View this artwork by appointment, at Tate Britain's Prints and Drawings Rooms
- Kenneth Rowntree 1915–1997
- Screenprint on paper
- Image: 300 x 377 mm
- Presented by the artist 1985
Catalogue entryKenneth Rowntree born 1915
P02835 Welsh Print 1970
Screenprint 300 x 377 (11 13/16 x 14 7/8) on paper 560 x 762 (22 1/6 x 30); printed by Richard Hamilton at the Design School, Department of Fine Art, University of Newcastle upon Tyne and published by the artist in an edition of 25
Inscribed 'Kenneth Rowntree 1970' b.r. and '2l/25' b.l.; image includes printed inscription (see below)
Presented by the artist 1985
All quotations, unless otherwise stated, come from a letter to the compiler from the artist dated 13 April 1988.
The title refers to the artist's long association with Wales and Welsh motifs. The print represents a 'distillation' of this prolonged involvement. He describes it as his 'first design for a print' (it was the first print he made). He writes, 'I tried to evoke a feeling that I hold for Wales and things Welsh, not only by the hint of the Welsh script, but also by the individual colours'. The Welsh aspect of the print involves the colours associated with the country and also the section of a Welsh language newspaper integrated into the image in the upper right-hand corner. In a conversation with the compiler on 6 May 1988, the artist said that the inclusion of the Welsh language newspaper was the simplest way of giving the print its Welsh flavour. He said that the content of the text was not necessary for an appreciation of the image and suggested that for this reason is was probably more aimed at an English than a Welsh speaking audience. He did not recall the newspaper where he found the text.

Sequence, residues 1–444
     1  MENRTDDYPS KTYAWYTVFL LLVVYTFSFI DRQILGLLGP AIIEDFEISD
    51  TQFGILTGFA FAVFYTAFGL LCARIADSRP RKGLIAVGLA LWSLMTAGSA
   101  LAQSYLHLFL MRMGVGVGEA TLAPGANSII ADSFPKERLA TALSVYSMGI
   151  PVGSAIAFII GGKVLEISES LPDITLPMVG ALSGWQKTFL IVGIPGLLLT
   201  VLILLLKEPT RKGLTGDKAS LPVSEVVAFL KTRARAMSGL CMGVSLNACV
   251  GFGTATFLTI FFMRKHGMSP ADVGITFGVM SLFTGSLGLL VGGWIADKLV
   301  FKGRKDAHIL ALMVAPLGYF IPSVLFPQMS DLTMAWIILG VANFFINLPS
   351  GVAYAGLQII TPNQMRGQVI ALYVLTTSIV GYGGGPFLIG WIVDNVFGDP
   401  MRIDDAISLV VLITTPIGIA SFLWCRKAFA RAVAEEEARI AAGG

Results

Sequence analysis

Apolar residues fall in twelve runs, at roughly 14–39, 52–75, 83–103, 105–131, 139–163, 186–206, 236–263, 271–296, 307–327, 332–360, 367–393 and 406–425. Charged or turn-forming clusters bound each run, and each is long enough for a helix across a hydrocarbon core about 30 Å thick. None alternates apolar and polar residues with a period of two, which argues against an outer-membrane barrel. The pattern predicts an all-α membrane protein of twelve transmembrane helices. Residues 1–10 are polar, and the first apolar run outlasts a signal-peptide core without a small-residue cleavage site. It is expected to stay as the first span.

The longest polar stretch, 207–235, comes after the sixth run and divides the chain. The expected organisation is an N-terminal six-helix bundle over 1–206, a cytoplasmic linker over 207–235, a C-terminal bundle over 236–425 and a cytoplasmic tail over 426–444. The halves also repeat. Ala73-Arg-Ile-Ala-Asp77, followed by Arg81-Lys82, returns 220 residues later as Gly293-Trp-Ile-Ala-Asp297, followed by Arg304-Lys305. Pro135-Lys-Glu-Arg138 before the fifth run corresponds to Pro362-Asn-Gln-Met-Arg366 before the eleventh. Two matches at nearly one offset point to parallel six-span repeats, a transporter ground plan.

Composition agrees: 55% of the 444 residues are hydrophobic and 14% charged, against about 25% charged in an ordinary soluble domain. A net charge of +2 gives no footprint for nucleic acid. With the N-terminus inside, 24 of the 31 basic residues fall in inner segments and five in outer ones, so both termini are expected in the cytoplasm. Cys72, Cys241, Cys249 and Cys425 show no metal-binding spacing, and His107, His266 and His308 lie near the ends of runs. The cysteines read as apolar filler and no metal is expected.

P02835 comprises 'six colours (five and one white, on white ground), with a section of a Welsh language newspaper overprinting one of the colours'. The artist was especially concerned with the effect of the white he uses. He writes, 'the juxtaposition of the colours, and particularly the, I hope, subtle printing of the white on white, which changes with the position it is looked as from', were what interested him in the subject of the work.
The artist has approved this entry.
The Tate Gallery 1984-86: Illustrated Catalogue of Acquisitions Including Supplement to Catalogue of Acquisitions 1982-84, Tate Gallery, London 1988, p.454